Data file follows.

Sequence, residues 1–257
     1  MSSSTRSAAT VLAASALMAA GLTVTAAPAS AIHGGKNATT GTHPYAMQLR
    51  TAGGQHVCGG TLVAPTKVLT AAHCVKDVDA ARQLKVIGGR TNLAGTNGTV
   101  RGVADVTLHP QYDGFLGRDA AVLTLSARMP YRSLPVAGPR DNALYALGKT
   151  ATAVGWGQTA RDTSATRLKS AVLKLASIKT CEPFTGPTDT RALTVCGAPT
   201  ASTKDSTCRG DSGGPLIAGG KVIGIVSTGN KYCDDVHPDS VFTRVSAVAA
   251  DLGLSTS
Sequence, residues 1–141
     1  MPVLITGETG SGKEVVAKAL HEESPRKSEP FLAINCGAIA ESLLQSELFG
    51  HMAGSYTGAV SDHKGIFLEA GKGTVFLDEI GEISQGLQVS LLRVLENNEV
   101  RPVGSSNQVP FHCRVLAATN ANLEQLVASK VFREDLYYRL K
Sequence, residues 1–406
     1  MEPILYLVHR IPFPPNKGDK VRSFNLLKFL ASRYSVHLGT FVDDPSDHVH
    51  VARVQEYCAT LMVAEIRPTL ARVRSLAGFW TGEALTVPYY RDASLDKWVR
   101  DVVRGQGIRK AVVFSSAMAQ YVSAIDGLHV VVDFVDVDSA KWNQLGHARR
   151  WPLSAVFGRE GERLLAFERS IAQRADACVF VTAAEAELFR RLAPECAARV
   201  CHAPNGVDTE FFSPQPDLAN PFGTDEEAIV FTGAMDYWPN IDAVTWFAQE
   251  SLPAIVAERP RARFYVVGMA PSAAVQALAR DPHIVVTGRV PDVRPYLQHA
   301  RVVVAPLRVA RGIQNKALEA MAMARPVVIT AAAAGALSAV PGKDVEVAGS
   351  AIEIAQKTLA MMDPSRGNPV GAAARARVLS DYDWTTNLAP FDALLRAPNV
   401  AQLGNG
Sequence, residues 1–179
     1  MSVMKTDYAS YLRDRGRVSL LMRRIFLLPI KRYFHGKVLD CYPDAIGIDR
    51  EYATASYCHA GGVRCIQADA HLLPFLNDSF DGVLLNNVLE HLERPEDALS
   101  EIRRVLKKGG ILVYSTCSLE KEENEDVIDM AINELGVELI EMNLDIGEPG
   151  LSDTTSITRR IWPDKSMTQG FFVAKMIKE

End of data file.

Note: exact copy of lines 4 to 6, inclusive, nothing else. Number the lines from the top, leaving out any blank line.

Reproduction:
   101  RGVADVTLHP QYDGFLGRDA AVLTLSARMP YRSLPVAGPR DNALYALGKT
   151  ATAVGWGQTA RDTSATRLKS AVLKLASIKT CEPFTGPTDT RALTVCGAPT
   201  ASTKDSTCRG DSGGPLIAGG KVIGIVSTGN KYCDDVHPDS VFTRVSAVAA